On 23 October 2020, the Serious Fraud Office (“SFO”) published a chapter from its internal operational handbook in an effort to provide greater transparency for companies seeking to enter into a Deferred Prosecution Agreement (“DPA”). This reflects the SFO’s desire to encourage companies to disclose their transgressions and pre-empted the announcement of a new DPA between the SFO and Airline Services Limited, with final approval granted on 30 October 2020.
This summary outlines the key details of the chapter and offers some preliminary guidance for companies.
Who and what do they apply to?
A DPA is an agreement between an organisation – a corporate body, partnership or unincorporated association (referred to below as “the Company”) – and the SFO/Crown Prosecution Service not to pursue the criminal prosecution of said Company when alternative measures are deemed to be in the public interest. The public interest in this context is broadly defined as ‘…anything affecting the rights, health, or finances of the public at large.’
This discretionary tool, which can also be applied retroactively, relates to fraud, bribery, false accounting and other financial crimes. Of the DPAs concluded thus far, Tesco and Rolls Royce stand out as notable examples of companies that have satisfied the prescribed requirements and avoided criminal charges.
Enacted in 2014 under Schedule 17 of the Crime and Courts Act 2013, the law makes provisions for the Company to avoid being prosecuted provided that the Company:
1) Cooperates with the prosecutors;
2) Discloses accurate information related to the wrongdoing;
3) Promises to pay a financial penalty and compensate victims where possible; and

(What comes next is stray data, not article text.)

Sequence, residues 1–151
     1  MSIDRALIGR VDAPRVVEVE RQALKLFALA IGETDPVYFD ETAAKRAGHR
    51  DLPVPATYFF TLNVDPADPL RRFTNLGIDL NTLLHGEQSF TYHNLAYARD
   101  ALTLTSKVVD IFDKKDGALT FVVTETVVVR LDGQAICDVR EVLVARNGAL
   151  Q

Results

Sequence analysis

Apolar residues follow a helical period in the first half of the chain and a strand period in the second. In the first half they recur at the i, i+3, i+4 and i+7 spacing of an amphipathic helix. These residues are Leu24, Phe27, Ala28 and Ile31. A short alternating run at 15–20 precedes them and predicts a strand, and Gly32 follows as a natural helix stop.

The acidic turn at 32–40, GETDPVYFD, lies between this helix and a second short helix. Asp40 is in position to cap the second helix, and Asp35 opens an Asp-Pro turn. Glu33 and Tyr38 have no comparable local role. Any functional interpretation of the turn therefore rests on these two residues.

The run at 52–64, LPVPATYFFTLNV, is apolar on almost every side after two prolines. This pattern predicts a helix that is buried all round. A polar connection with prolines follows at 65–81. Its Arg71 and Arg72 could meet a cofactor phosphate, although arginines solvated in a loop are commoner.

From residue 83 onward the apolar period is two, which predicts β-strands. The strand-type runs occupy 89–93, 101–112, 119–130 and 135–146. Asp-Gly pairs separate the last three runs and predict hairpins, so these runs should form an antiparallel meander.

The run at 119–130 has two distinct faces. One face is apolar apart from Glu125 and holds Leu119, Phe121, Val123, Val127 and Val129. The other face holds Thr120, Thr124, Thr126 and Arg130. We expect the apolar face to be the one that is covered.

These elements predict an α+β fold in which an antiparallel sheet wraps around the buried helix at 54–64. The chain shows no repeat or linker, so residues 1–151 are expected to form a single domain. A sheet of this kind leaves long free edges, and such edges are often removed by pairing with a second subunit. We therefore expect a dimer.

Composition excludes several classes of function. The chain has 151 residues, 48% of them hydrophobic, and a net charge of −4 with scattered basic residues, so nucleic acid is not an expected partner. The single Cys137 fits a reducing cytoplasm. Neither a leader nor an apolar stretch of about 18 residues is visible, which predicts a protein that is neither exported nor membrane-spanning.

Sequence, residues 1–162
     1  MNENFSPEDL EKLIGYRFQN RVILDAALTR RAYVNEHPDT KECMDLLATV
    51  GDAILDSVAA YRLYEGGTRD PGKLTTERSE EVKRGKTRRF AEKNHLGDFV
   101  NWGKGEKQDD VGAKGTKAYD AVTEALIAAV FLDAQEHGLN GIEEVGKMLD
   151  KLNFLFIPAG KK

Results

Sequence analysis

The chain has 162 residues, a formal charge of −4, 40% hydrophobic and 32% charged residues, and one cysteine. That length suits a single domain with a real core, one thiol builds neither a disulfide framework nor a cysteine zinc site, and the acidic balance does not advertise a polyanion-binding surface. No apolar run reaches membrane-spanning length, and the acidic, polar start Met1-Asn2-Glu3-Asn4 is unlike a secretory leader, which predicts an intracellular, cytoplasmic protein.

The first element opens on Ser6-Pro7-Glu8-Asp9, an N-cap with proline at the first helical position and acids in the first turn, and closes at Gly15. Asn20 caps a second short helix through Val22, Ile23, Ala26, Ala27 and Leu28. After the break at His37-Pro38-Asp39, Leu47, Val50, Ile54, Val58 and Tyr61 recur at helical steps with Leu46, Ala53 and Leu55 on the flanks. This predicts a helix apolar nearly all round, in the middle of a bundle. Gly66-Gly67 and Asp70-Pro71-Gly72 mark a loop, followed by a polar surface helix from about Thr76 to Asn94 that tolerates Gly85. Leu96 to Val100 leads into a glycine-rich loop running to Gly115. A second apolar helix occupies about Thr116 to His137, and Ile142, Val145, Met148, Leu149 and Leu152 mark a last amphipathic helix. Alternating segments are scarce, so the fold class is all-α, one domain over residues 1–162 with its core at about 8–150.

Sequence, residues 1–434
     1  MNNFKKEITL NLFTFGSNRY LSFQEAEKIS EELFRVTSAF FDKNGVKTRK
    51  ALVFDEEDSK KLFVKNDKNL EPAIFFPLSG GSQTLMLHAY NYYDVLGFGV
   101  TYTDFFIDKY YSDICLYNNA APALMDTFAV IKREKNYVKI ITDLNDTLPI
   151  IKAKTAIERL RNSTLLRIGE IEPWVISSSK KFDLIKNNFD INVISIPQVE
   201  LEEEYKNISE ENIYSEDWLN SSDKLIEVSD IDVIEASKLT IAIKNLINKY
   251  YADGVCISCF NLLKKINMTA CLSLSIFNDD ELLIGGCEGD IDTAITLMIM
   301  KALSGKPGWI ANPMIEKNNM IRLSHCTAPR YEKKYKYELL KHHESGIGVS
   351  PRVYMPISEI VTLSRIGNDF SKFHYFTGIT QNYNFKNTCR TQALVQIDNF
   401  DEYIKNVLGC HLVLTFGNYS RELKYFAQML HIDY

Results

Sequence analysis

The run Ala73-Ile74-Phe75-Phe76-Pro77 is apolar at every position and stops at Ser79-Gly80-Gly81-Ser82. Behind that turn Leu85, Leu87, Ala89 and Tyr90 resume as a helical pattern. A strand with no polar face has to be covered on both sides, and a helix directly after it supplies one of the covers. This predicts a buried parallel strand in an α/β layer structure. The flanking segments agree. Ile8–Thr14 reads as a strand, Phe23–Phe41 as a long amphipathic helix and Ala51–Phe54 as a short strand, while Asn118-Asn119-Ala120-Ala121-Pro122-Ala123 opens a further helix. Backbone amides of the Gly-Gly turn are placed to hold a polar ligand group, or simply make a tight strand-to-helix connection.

4) Improves their internal compliance programme
If the Company has complied with all of the obligations of the DPA, at the end of the deferred period the Company will not be prosecuted and will pay significantly less than the financial penalty which would have attached to a conviction.
How to engage
The Company should approach the SFO with self-reported evidence of wrongdoing and ensure that the information provided is both transparent and accurate. DPAs are concluded under the supervision of a judge, who must be convinced that the DPA is ‘in the interests of justice’ and that the terms are ‘fair, reasonable and proportionate.’
A key advantage of a DPA (for both defendant companies and the SFO) is that they avoid lengthy and costly trials. In the vast majority of DPAs, the financial penalties imposed have been reduced by approximately 50% to that which might be imposed at trial in recognition of the cooperation demonstrated by the Company.
The Company will be permitted to continue trading, with the DPA process remaining confidential, until the Court grants final approval. During this period, the Company should endeavour to take steps to remedy their actions, preserve evidence and make witnesses available for interview.
Although the risk/reward ratio will vary from case to case, a commitment to cooperation, compliance and compensation will give the Company the best possible chance to avoid prosecution and serve the public interest.
Gherson provides specialist advice on white-collar crime and can offer advice on and assist in the preparation of DPAs.
The information in this blog is for general information purposes only and does not purport to be comprehensive or to provide legal advice. Whilst every effort is made to ensure the information and law is current as of the date of publication it should be stressed that, due to the passage of time, this does not necessarily reflect the present legal position. Gherson accepts no responsibility for loss which may arise from accessing or reliance on information contained in this blog. For formal advice on the current law please don’t hesitate to contact Gherson. Legal advice is only provided pursuant to a written agreement, identified as such, and signed by the client and by or on behalf of Gherson.